Video and photo gallery: Thousands attend rally to mark the 100th anniversary of Burston Strike School

The Burston Strike School Centenary Rally.

The Burston Strike School Centenary Rally. - Credit: copyright: Archant 2014

A small village was awash with union banners at the weekend as more than 1,000 people descended to mark the 100th anniversary of the strike by children at Burston Strike School.

The green in front of the school, which was the centre of the longest running strike in British history, was packed with stalls from unions including Unite, the RMT and NUT, while union representatives gave speeches on a specially-prepared stage.

Overhead on Sunday, a plane circled the green towing a banner that read 'No Condem cuts, no Labour cuts.'

Speakers included Geoff Revell, from the RMT and columnist and author Owen Jones, who has appeared on a number of TV programmes, including Question Time and Sky News.

Mr Jones said: 'It is great to see so many people out here today and of course, what we are doing is commemorating an absolutely inspiring episode in our history and to think back at that struggle and the courage and determination they showed in Burston Strike School.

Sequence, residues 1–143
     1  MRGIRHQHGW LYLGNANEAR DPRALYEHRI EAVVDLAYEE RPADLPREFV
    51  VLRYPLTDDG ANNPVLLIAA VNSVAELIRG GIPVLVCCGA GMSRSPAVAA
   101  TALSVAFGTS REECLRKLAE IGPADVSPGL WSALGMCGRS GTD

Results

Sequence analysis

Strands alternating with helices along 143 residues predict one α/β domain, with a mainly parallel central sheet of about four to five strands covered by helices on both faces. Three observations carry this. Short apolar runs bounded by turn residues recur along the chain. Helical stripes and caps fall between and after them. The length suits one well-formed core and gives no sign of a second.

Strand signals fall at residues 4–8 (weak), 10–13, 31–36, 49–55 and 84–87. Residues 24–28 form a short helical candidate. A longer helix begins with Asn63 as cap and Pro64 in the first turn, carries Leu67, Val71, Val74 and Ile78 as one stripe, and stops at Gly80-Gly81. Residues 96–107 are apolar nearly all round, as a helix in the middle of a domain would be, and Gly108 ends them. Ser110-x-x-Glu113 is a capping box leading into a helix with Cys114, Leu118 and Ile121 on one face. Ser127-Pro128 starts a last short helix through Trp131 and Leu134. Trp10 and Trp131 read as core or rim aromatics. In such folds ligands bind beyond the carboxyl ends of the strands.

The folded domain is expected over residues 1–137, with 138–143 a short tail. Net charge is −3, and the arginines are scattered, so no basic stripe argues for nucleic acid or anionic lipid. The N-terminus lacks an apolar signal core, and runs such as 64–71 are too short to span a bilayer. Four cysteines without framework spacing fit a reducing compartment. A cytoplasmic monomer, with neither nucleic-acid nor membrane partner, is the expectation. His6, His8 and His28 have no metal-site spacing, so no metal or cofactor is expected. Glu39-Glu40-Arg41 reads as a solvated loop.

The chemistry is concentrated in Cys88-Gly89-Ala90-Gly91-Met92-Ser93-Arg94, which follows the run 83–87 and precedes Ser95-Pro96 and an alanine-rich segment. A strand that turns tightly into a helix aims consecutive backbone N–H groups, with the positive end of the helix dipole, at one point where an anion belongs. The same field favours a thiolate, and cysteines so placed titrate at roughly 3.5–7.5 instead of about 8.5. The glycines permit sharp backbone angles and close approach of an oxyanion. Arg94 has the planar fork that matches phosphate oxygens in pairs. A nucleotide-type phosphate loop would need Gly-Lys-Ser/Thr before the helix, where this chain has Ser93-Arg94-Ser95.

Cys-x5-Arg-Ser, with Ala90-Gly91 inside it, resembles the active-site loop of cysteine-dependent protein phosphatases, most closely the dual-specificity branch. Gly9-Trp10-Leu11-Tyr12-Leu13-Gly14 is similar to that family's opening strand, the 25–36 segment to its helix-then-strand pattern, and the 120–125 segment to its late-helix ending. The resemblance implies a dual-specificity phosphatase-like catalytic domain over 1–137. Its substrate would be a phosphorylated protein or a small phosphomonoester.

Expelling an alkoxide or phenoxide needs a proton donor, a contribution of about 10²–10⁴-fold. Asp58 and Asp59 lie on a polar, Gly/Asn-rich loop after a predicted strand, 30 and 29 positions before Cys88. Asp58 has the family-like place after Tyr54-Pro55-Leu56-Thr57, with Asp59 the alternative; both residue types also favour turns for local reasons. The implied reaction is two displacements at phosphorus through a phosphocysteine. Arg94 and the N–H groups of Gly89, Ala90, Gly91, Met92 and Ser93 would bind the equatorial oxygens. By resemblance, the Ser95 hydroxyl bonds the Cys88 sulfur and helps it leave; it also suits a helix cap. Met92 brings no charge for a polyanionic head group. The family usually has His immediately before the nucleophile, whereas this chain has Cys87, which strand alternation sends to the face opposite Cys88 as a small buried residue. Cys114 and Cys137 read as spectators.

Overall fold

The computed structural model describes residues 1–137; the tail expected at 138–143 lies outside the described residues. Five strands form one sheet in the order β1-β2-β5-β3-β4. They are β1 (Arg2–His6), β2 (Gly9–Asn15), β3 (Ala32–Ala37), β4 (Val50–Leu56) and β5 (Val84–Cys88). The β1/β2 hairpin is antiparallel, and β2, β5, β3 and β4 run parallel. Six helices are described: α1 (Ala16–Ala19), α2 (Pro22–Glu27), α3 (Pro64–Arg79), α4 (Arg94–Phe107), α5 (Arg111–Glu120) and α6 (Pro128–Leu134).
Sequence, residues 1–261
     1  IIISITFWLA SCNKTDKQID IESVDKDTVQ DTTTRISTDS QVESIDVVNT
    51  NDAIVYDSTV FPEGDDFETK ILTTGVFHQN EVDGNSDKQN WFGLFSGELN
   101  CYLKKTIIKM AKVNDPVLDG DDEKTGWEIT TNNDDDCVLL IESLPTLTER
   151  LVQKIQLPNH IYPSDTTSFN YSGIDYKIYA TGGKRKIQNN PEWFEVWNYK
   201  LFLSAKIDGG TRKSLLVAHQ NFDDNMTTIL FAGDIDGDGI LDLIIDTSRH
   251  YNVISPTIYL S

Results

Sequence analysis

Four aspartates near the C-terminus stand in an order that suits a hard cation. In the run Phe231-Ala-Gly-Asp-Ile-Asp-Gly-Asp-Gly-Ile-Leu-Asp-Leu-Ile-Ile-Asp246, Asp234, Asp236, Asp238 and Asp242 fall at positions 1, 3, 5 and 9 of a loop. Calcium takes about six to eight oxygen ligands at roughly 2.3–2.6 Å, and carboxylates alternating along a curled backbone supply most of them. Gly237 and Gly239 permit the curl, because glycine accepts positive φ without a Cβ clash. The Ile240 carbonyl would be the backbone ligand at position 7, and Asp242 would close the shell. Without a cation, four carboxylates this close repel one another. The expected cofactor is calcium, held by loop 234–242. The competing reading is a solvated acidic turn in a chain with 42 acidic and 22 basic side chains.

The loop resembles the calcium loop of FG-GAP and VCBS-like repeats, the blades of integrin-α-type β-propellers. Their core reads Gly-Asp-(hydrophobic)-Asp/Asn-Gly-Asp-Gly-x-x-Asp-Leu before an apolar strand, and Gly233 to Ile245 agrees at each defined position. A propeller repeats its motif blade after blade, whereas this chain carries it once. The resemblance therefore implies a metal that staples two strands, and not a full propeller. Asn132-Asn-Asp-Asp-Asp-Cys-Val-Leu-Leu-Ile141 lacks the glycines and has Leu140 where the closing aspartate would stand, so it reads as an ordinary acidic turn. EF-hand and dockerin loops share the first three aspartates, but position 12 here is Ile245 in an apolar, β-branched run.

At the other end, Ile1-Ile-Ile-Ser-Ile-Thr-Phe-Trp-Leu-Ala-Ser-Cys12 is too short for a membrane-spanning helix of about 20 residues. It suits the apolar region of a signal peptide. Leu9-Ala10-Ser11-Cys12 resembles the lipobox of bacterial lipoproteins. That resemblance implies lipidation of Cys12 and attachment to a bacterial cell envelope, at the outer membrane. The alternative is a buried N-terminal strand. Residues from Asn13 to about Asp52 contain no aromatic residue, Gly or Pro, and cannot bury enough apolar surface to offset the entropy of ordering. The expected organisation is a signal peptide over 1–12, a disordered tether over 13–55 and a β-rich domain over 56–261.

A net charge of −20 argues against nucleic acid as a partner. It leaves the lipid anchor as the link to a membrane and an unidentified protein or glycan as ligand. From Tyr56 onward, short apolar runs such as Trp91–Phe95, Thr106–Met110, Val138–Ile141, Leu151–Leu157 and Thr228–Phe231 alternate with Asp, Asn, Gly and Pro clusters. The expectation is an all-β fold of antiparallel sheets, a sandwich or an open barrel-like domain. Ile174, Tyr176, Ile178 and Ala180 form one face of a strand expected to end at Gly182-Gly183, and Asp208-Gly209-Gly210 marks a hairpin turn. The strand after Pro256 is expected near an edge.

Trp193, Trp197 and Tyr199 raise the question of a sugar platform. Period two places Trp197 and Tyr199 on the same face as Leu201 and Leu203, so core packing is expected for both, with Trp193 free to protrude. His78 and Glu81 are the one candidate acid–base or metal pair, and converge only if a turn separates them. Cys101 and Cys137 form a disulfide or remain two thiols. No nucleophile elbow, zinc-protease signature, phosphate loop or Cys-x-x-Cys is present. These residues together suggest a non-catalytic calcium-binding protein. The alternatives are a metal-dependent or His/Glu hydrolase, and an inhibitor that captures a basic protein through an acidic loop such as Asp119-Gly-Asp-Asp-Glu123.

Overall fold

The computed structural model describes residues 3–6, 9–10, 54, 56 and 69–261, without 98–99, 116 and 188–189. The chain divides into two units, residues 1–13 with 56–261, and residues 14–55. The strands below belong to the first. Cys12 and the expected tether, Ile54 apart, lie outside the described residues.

'And to think, going back to 1914, that a century later people would be gathering in force to remember everything they fought for. That is a powerful testimony to everything they fought for.

'We pay tribute to their courage, but we also do it because we learn from their example.'

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Mike Ward, a trustee of the school, which is now a museum, said there had been a record turnout at the rally, which is held annually and raises money for the museum.

'This is the most we have ever had. We have just spent a lot of money on the school and we want to put it in the best condition that we can,' he added.

The NASUWT brass band also performed, along with children from the Theatre Train children's musical theatre and the socialist R&B band Thee Faction.

The strike started after local teachers Annie and Tom Higdon were sacked following a dispute with the area's school management committee after they refused to let children leave school to help with the harvest.

Children went on strike in support of their teachers and the couple started a school on the village green, which was attended by 66 of their 72 former pupils.

A new school, financed by donations, was built in 1917 and The Burston Strike School continued until shortly after Tom's death in 1939.

What can we learn from the actions of the Burston children? Email